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Letters from an Ancient Mind

My dear young friend,

You do me too great an honor in your assumption – and you greatly mistake my era. Our men have as much a wandering eye for a wench as have yours. I do, however, greatly appreciate your phrase for it: double standard. It is most appropriate. Your time, like mine, has two sets of weights in the bag. One measures the virtue of the husband, the other the virtue of the wife. As the Scripture says, the Lord abhors this.

What perturbs me is your assumption that there can be no logical argument against this. Did you really think this some caprice of the Lord God Almighty? The matter is one subject to logic. Hear me out. You need not even appeal to the Scriptures to expose this misery and fraud.

First, is it not evident to one and all that justice is a virtue? Is it not also evident that such a double standard is an affront to justice? So if a man has the nobility of soul to value virtue for its own sake, the matter is self evident. But of course such a man is most unlikely to have such a double standard.

The injustice, however, is clear. Your society, as mine, is unjust to all women in this regard. Women attract men by their beauty. That beauty fades with the years. This is God’s doing, not their own. Do they not apply themselves diligently in this? But a man becomes more desirable with age – as he becomes a man of stature. If we tolerate our double standard, is it not clear that it is the women who suffer? There is no justice in that.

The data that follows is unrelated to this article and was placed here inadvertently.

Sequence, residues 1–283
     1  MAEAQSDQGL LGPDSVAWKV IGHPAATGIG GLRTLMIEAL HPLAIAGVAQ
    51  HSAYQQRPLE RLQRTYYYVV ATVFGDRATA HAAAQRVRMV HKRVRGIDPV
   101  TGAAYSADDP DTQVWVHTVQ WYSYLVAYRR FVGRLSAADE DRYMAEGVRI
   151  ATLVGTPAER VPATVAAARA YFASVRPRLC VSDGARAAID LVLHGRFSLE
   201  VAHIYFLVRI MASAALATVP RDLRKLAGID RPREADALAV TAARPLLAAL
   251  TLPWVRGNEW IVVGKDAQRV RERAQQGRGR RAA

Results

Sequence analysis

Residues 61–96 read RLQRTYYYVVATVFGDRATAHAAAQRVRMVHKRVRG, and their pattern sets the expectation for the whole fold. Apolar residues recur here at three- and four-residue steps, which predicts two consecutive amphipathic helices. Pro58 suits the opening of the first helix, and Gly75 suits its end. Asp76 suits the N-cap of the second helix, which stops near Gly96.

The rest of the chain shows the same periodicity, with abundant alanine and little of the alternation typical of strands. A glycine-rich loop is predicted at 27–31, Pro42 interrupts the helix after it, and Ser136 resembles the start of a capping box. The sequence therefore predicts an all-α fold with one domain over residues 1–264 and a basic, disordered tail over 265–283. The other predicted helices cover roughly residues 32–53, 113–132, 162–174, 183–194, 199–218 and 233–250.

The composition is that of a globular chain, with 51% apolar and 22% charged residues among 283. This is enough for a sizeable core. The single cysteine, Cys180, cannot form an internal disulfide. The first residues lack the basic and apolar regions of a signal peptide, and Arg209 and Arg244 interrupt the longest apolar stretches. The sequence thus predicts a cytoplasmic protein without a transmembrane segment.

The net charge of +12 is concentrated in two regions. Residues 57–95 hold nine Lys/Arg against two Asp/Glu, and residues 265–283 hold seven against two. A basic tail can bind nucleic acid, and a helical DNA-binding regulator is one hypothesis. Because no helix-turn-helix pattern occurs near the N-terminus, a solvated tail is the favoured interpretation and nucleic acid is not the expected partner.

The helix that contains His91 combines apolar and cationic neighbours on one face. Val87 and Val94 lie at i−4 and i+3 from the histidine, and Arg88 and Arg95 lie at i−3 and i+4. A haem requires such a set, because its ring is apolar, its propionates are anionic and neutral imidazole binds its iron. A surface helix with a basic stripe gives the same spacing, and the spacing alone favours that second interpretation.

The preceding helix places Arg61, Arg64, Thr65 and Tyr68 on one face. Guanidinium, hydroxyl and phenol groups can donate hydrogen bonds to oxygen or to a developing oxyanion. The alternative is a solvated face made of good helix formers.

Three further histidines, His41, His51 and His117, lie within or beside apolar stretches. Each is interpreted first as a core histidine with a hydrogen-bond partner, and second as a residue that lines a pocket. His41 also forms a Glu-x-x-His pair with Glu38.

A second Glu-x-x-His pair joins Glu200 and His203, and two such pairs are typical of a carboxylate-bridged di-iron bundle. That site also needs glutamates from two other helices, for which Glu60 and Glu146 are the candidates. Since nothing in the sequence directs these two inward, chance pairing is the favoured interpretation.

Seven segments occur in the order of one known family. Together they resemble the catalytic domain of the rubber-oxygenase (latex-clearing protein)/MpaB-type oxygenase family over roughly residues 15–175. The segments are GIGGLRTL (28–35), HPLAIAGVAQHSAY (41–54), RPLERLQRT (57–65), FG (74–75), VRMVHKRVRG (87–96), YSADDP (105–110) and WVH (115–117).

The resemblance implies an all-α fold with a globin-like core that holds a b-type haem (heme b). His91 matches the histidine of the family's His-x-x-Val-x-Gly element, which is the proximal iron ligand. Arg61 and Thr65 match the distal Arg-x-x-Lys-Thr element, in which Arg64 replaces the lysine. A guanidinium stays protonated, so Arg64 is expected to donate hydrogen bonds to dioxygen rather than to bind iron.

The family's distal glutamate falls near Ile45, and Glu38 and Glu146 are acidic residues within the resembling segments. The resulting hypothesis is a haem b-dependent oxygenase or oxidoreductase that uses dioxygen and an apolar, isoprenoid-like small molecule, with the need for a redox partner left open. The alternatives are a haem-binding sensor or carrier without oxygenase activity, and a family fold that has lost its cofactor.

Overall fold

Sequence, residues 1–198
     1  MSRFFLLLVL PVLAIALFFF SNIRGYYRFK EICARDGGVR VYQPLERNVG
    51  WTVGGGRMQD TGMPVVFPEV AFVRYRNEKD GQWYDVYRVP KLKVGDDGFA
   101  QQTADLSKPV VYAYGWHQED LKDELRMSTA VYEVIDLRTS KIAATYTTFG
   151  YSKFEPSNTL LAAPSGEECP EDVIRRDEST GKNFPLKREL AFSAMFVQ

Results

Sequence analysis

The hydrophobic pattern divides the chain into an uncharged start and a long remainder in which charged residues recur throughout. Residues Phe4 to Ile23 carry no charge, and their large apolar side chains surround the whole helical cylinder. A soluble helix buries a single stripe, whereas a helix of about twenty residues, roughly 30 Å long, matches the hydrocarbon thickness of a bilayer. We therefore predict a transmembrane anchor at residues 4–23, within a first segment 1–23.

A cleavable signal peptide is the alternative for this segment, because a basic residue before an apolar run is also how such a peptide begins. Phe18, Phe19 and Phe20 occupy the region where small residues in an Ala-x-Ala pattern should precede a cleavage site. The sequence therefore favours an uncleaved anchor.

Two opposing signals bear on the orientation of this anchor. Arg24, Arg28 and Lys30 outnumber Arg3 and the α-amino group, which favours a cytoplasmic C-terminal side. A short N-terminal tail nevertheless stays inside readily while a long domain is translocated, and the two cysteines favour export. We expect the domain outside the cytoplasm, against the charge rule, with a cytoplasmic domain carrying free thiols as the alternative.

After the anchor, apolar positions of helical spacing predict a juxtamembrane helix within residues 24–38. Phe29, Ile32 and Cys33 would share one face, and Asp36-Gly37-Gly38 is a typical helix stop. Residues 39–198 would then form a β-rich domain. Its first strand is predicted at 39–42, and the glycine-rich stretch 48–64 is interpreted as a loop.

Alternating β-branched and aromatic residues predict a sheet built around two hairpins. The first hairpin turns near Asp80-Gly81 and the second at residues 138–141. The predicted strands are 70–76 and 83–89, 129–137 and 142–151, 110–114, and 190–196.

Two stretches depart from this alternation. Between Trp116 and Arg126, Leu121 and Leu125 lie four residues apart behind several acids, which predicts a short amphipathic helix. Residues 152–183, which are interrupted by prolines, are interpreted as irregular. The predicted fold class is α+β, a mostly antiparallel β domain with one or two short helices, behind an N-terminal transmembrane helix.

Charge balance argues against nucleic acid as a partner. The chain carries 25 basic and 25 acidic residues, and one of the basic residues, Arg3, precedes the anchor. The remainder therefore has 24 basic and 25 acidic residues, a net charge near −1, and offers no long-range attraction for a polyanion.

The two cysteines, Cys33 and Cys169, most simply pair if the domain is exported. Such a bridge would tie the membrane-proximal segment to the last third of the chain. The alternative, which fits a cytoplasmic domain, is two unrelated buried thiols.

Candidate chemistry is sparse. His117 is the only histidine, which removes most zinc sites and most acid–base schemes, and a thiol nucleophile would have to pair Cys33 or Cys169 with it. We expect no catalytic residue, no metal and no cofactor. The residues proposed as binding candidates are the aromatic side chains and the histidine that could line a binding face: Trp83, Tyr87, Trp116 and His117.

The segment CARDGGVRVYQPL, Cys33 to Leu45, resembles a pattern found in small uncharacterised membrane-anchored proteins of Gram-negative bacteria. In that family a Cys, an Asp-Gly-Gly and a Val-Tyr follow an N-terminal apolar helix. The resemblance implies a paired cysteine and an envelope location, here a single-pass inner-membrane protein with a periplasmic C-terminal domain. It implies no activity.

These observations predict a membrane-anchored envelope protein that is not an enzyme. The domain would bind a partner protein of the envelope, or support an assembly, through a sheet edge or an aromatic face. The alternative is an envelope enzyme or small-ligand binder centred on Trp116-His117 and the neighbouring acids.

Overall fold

Indeed, it is worse. Such a standard causes the integrity of the family to decay. Surely even the village dunce can see that fact. But is not the family the very brick of the city? If the bricks fail, how can the wall hold? If the wall fails, will not the barbarians of the mind soon be within the gate?

Worst of all is this: the double standard destroys the integrity of the man. Man is meant to be one – as God is one – and this standard makes him two. To his wife and children he must appear godly; to his mistress he must appear loving and generous; to the world he must reconcile both. The only way this can be is a permanent hypocrisy. Such a life destroys a man.

Now you can see why God abhors it – it destroys those whom he loves, and offends his justice.

I submit to you, however, that you are not helpless in this matter. I am old, the years of my pilgrimage are many, and my wealth sufficient that my opinions are tolerated with amusement by those too young to understand. It is most annoying. You, however, have a better place. Do you exchange winks with the unfaithful, or is it known that your views and conduct oppose such? As you are about to enter upon marriage, you might give some thought as to your bride’s view. How much more will she love a man whom she knows to be faithful?

Grave matters are at stake. Give your whole mind to the problem. Think about it with care. You cannot be both faithful and unfaithful – and now would seem a good time to decide your policy.

I am an old man. My advice is cheap. But I may tell you this: my wife knew me to be faithful to the day of her death – and both of us were happier for it.

As ever,

Isaac the alchemist

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